We are approaching the end of the U.S. Government’s 2017 fiscal year on September 30th. We haven’t written too much about the CFTC whistleblower program this year because there have only been a handful of newsworthy events in the enforcement of the Commodity Exchange Act. However, after reading the news stories this week concerning the CFTC’s push for self-reporting of financial wrongdoing, we realized that there hasn’t been a single award determination yet in the first nine months of the calendar year. We thought it worth taking a look back at the CFTC Whistleblower program and what has happened over the past twelve months.
The CFTC typically receives only a fraction of the tips that is received by the SEC. Correspondingly, it has issued a smaller number of whistleblower awards. While the SEC program has paid out nearly $160 million to just over 45 whistleblowers since the Dodd-Frank Act, the CFTC has only paid approximately $11 million in four award determinations.
The CFTC hasn’t approved an award application since it announced its fourth whistleblower award on July 19, 2016. Such a delay isn’t too far out of the ordinary. There was one award in 2014, one award in 2015, and two awards in 2016 (including its largest for approximately $10 million). There had been some speculation that the CFTC program was beginning to show signs of picking up momentum.
However, the absence of any award denials in 2017 is definitely unusual. Looking back at the past few years, there were 25 denials in calendar year 2013, 5 denials in calendar year 2014, 5 denials in calendar year 2015, and 8 denials in calendar year 2016. For the government’s fiscal year 2016, there have been two denials of award applications (one in October and the other in November 2016).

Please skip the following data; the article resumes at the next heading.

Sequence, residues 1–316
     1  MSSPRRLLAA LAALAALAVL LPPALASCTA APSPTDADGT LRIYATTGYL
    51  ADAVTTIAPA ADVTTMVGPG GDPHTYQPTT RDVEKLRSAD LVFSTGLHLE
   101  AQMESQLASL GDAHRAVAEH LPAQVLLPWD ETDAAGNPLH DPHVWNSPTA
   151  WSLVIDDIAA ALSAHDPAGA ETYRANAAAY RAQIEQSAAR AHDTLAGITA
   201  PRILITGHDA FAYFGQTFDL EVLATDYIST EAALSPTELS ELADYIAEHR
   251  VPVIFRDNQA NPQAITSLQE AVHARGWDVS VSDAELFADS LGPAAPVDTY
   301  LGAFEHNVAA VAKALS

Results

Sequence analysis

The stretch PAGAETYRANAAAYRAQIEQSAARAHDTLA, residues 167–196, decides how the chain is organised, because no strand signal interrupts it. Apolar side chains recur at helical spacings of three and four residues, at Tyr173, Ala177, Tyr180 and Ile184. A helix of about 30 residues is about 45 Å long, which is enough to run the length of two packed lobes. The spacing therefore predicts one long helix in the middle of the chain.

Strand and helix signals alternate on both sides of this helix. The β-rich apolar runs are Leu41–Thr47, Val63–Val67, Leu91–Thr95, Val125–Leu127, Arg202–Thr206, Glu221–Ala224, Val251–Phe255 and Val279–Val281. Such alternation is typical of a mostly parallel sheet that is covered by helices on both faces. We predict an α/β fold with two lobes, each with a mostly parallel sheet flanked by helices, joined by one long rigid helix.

One possible explanation for the absence of award determinations is the recent change in the CFTC Whistleblower rules. The CFTC proposed modifications to its whistleblower rules last year. After the comment period and further consideration, the new rules were adopted in May 2017. This could have resulted in some delay in the consideration of award applications as well as implementation issues regarding the new regulations.
Another potential explanation is the changing of the guard with the incoming Presidential administration. CFTC Chairman Timothy Massad tendered his resignation to President Obama in early January effective on January 20, 2017. J. Christopher Giancarlo was designated Acting Chairman on January 20th and confirmed in August with two other commissioners – one Democrat and one Republican.
One explanation that we can reject is the absence of qualifying enforcement actions. There have been 38 Notices of Covered Action issued in 2016 and 23 issued so far in 2017. So it appears that there has been a sufficient flow of enforcement actions over $1 million to ensure that there would have been at least some applications made by whistleblowers.
It also could be that they have made determinations but they simply haven’t been updating the website with them anymore.